“See, I’ve cleaned up a lot of breeders. Families like cesspools, filth making filth and I did it over and over and over again, but it was all leading me here. I was born to destroy Boone and The Breed together.”

He maintains an image of cold, sharp control. One perpetually struggling with the vicious killer inside him, the one he brings out every time he puts on that zippered mask with the button eyes. For him, The Breed are the apex of his war against variegation. Wild, chaotic, a threat to the cold and clinical order that he values so dearly. And like any true conservative, his sins and crimes are not his. Not completely. Not when he can blame his psychotic tendencies on The Mask – that voice that whispers to him to take lives and spill bloods. Decker is the very model of conservative repression writ large, and one of its most terrifying examples.


But where Decker is tightly-coiled, Chief William Eigerman (Charles Haid) is most certainly not. While not as refined and polished as Decker, the lawman is kith and kin of a sort:  a man of violence and toxic masculinity, masquerading as the face of respectability – in this case, Shere Neck’s police chief. Eigerman is a fascist through and through (his name roughly translates from German to “Man of Stone) with the one-two punch of “just folks” charm and brute force. His constables, loyal to the last man, eagerly follow their boss’ every wish, partly out of fear, but mostly out of respect.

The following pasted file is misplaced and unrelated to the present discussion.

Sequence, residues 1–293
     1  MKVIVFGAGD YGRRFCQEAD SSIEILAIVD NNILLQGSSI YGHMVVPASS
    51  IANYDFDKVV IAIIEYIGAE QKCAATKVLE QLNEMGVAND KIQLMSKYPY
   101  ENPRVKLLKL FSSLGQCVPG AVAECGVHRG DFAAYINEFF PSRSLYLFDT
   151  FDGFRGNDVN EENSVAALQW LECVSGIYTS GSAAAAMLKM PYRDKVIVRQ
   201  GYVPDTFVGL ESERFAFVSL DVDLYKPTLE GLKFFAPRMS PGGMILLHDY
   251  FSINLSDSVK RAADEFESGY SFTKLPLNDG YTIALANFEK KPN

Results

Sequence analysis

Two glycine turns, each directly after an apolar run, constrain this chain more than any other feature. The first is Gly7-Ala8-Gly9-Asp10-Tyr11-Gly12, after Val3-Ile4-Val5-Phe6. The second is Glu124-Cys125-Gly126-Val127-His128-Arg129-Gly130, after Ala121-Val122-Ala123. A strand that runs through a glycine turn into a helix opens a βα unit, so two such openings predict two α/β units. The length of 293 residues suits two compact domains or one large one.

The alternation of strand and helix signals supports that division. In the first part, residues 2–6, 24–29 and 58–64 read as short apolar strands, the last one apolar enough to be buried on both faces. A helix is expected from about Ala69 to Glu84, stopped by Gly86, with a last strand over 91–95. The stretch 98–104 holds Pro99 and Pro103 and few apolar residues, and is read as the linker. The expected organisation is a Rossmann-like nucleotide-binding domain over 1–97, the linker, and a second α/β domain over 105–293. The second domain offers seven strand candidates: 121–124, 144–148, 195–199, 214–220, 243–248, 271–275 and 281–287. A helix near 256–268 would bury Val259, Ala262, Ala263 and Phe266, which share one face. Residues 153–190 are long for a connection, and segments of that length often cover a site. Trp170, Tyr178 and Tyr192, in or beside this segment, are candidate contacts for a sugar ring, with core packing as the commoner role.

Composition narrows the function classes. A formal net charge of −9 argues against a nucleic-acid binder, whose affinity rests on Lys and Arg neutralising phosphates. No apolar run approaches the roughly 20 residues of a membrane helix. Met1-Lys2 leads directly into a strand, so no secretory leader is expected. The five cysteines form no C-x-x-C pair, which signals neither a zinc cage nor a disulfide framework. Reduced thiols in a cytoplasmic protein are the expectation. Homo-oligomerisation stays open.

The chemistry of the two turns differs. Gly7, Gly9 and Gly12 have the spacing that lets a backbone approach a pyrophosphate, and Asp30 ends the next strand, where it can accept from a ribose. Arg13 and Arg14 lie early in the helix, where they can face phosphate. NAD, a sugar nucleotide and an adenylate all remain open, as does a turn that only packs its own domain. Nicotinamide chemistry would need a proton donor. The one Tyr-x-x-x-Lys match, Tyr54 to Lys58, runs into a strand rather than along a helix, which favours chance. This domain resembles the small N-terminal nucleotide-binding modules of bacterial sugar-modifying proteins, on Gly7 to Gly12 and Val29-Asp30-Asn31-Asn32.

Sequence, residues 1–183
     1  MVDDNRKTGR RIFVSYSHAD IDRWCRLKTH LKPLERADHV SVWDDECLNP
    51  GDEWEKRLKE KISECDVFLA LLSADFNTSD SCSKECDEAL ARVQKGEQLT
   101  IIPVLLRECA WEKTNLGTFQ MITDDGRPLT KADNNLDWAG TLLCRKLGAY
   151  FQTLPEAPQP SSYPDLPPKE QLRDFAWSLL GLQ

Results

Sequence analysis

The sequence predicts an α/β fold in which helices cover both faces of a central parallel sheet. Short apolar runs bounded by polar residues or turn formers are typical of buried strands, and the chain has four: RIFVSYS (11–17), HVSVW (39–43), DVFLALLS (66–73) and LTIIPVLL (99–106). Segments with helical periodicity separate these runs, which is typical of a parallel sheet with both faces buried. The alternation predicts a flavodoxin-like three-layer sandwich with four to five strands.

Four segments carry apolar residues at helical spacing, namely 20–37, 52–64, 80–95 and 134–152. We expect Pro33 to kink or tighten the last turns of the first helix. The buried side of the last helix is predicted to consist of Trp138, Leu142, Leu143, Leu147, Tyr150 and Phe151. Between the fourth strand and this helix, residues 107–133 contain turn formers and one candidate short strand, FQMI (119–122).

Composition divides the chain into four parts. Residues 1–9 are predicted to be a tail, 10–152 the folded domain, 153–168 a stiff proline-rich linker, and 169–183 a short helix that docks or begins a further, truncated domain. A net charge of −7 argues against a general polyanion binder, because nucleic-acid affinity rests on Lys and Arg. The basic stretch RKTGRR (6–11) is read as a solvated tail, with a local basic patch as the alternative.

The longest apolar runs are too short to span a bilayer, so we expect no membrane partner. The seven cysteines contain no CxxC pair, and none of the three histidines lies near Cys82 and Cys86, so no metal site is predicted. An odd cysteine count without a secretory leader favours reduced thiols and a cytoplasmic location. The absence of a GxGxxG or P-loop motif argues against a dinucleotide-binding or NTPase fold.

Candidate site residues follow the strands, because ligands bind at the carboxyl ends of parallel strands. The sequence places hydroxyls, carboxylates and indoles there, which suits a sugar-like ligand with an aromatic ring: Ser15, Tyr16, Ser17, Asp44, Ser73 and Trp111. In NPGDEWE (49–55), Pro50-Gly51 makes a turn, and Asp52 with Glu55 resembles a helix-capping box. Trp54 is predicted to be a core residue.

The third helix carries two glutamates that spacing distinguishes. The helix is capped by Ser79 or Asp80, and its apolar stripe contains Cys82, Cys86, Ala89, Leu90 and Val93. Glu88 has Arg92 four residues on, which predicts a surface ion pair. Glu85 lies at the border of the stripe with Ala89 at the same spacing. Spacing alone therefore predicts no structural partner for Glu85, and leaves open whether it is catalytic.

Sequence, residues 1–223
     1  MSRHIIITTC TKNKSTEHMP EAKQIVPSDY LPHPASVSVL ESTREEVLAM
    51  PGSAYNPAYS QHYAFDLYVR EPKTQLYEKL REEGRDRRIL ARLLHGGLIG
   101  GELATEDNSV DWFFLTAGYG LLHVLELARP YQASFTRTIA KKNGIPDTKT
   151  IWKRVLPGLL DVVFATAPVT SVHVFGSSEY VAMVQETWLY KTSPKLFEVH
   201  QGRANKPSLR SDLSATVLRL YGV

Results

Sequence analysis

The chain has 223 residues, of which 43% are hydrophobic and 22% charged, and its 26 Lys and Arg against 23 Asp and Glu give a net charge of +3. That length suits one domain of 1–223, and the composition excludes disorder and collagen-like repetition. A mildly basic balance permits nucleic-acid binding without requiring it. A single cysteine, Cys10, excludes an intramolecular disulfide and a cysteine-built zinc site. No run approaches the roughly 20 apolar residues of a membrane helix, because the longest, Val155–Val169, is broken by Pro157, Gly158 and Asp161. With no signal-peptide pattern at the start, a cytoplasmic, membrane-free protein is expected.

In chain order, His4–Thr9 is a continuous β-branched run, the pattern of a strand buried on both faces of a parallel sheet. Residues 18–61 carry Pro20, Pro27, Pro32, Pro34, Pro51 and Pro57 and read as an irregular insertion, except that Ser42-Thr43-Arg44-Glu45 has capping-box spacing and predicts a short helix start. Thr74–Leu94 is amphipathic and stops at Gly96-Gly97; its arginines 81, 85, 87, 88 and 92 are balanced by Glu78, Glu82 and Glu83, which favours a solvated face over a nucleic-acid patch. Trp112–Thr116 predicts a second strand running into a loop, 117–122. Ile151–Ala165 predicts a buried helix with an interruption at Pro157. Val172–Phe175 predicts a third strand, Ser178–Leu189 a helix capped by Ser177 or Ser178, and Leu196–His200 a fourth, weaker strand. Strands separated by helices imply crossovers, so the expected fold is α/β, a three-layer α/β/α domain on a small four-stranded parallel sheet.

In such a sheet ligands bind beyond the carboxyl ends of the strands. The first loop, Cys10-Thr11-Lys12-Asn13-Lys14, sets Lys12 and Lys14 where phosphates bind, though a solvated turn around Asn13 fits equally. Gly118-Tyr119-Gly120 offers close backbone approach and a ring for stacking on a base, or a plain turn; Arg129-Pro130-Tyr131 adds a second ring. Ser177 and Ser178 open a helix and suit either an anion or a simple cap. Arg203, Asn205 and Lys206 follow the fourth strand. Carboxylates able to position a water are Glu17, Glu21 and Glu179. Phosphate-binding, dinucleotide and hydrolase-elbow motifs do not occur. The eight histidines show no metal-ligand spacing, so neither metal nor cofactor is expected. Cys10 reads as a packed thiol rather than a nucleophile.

A classic fascist strongman, Eigerman has a way with the people of his town, but has no love for outsiders or any challenges to the status quo. Having a real and monstrous enemy – one that no one would ever blame him for ever going to war with – gives Eigerman the excuse he needs to gather his army, break out the arsenal and flex his muscles. He’s been waiting for this moment all his life, a war with The Other, and he takes to it with malicious enthusiasm. He also sees himself as the only one who can win the day, a down-home Van Helsing. His perception of Decker  as a big-city ‘intellectual’ who would never deign to get his hands dirty, let alone carry a gun, is of course wrong, but in his eyes, bravado, an iron will and brutish cruelty are what separates the weak from the strong.


But the greatest threat will be found in the least likely of this trinity, Reverend Ashberry (Malcolm Smith). Brought along as holy ammunition in this war against “evil”, ( “We’re going in with God on our side” as Eigerman puts it) he’s openly denigrated by Eigerman, Decker and the assembled mob of The Sons of the Free as weak, “a drunk” and “faggot”. The town’s holy fool, if you will. But that all changes when Ashberry is “touched” by Baphomet, The Breed’s god-protector, during The Battle of Midian. Scarred and reconfigured by this encounter, Ashberry is a changed man.